Not everything that glows is gold, it could be a sea turtle! With human brains going deeper and deeper into the blue, more creatures are being exposed with their bio fluorescence. The latest to be added to that list is the hawkbill sea turtle.
David Gruber, a National Geographic explorer from City University of New York, was the one who met with this unique hawkbill sea turtle, emitting green and red lights, while having his deep sea exploration during July. But it was only now that we are getting to know of it, as the footage of this bio-fluorescent turtle was outed only this Monday.
Scientists are yet to reach a conclusion on how bio-fluorescence works on animals. But simultaneously, they have been able to crack down most of the reasons for why bio-luminance exists in certain animal.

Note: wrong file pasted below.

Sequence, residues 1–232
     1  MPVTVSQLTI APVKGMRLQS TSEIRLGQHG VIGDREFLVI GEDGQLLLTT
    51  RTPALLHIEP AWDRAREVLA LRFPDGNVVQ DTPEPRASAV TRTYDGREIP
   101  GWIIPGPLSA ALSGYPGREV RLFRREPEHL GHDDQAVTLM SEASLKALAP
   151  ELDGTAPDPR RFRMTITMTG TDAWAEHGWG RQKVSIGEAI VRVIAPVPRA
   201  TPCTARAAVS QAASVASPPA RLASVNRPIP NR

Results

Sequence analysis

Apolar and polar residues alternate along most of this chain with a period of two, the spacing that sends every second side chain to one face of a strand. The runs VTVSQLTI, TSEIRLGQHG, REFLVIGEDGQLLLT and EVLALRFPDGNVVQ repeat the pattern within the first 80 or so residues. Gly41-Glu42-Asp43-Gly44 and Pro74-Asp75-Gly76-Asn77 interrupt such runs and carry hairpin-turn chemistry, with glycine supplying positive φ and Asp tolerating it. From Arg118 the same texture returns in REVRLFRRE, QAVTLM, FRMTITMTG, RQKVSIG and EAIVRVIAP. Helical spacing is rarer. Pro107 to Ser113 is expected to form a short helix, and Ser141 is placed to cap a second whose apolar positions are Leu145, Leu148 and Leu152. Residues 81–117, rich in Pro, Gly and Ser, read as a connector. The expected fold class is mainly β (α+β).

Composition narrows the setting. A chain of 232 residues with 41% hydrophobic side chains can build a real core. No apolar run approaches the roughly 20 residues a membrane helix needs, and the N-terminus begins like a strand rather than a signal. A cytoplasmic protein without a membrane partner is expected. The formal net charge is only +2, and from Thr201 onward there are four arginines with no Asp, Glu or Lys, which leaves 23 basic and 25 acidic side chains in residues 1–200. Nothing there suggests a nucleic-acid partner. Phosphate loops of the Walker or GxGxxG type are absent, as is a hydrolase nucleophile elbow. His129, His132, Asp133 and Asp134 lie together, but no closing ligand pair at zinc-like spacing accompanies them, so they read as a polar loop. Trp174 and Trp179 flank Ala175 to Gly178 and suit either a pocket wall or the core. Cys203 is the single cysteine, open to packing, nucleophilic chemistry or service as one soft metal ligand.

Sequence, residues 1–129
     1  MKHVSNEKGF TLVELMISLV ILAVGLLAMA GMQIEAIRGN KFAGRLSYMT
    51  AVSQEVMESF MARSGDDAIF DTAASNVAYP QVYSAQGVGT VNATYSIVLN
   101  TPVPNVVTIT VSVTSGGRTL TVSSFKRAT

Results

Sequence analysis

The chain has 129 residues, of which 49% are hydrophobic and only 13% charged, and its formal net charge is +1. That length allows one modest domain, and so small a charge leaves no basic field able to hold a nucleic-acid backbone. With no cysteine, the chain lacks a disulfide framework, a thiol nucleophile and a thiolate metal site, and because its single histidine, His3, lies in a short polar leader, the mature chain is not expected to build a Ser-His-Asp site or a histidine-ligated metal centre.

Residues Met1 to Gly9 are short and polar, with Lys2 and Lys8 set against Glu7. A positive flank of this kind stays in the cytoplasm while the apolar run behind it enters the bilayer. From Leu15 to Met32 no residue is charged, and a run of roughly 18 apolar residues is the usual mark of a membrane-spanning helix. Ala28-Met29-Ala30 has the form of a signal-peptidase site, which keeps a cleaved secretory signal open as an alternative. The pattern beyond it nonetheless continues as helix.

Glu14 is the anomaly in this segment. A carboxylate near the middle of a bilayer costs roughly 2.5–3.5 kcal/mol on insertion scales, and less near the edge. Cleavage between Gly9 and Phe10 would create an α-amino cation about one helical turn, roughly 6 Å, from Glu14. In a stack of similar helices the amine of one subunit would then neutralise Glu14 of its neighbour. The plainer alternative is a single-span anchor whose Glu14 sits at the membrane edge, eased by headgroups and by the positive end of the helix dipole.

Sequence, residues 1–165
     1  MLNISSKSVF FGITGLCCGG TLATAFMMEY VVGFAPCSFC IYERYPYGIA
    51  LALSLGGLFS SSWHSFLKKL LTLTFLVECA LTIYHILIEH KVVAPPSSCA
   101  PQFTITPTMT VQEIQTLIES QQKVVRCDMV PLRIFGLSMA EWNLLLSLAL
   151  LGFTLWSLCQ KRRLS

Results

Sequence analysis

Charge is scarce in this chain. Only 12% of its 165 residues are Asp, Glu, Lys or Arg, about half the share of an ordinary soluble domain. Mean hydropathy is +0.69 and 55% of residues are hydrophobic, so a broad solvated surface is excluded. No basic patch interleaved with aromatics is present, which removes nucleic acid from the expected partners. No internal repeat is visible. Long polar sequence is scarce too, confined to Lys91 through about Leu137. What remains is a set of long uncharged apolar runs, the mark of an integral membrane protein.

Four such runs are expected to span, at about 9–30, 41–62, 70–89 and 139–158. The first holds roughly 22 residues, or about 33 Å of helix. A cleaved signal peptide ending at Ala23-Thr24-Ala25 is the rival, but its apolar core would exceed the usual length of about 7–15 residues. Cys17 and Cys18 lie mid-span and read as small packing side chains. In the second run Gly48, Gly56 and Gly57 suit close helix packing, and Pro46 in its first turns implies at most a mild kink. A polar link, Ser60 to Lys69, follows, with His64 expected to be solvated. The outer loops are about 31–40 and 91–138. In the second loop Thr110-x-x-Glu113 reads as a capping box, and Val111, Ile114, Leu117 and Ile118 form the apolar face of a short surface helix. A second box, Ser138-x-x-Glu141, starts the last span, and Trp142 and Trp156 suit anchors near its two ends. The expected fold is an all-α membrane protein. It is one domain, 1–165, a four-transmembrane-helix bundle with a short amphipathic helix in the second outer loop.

Both are different indeed, just like it is with the difference of terms luminance and fluorescence. Unlike the former phenomenon, fluorescence never involves self-creation of light, but only occurs with the absorption of light to be emitted later.
The process has been seen mainly with life forms under the ocean, like in corals and jellybeans. But it’s for the first time that the process has been discovered in a reptile.
That has even perplexed their task of finding the roots and cause for bio-fluorescence. An assumption among the bio-analysts is that they get to take more of the blue light being under water. Yet the real uses still remain unclear. Scientists believe there can be multiple reasons, like for luring prey, to defy predators, to give out signals and the like.
The case of the bio-fluorescent turtle is also believed to be a case of camouflage to skip the hunting jaws. And it does seem like nature has given it rightly; hawkbill turtles don’t represent a significant count among the sea population.